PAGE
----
Shelly: So, the first thing that you do is you find a way to eliminate the beliefs. Then once the beliefs are out of the way, then you can sit down and say, here are the questions, “What lights me up? Do I love being with people or do I love being alone? Do I want to sit by myself and work, or do I want to work being in an environment with a lot of people?” What are the things when you look back at your life, was there anything that you ever really wanted to do? What did you play as a kid?
Shelly: Look at the things that you enjoy. It’s interesting, Morty used to tell my girls, “Find something that you love doing, and then find somebody to pay you to do it.”
Letha: I do remember that.
Shelly: So, instead of looking for a job or saying, “I can’t make my- I love arranging flowers.” Well, who could you work for? A party planner? There’s lots of ways.
Shelly: If you say, “I have a client who loves crafting, and she said when I craft, I realize that my stress levels go down. I’m not eating because my hands are busy,” she said, and it’s really therapeutic for me. I said, “Well, why don’t you do that for a living?” She said, “I used to.” Then we got into a conversation. Now, she’s back to crafting, and she’s doing it. She’s selling it as a way for people to get rid of their stress, and work through their issues by crafting.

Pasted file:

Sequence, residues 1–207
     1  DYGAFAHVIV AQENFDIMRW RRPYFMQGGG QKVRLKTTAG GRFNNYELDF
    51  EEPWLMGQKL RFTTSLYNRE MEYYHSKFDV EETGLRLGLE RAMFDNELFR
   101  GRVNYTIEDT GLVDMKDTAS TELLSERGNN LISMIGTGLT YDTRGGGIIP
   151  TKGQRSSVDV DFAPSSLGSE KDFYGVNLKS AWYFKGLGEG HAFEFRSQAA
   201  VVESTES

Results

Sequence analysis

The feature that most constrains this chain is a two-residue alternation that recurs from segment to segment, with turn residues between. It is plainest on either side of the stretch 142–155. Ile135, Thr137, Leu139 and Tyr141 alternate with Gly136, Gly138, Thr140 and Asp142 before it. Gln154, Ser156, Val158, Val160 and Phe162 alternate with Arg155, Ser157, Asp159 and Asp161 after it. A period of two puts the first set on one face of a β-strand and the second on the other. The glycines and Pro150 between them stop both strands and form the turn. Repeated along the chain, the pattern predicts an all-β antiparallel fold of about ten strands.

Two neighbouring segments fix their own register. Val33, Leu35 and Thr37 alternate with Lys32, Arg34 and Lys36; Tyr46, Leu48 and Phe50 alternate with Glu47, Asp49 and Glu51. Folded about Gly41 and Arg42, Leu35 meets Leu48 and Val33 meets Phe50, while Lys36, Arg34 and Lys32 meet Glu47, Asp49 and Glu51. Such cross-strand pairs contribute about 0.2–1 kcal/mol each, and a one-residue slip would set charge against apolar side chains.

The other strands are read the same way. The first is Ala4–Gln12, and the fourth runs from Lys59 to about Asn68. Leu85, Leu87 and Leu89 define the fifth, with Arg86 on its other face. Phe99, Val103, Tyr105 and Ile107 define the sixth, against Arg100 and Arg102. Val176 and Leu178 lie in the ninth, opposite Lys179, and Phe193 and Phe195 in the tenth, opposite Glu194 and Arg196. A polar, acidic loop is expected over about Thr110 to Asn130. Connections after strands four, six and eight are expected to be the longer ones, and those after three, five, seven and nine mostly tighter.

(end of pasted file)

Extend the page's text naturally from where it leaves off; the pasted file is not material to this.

Letha: She had or she got rid of the beliefs that were in her way of pursuing that dream, that crafting that she used to love, [crosstalk 00:09:19].
Shelly: Totally, and Oprah Winfrey, what does Oprah Winfrey love to do?
Shelly: Talk, that’s exactly right. That’s exactly right.
Letha: She’s really good at it.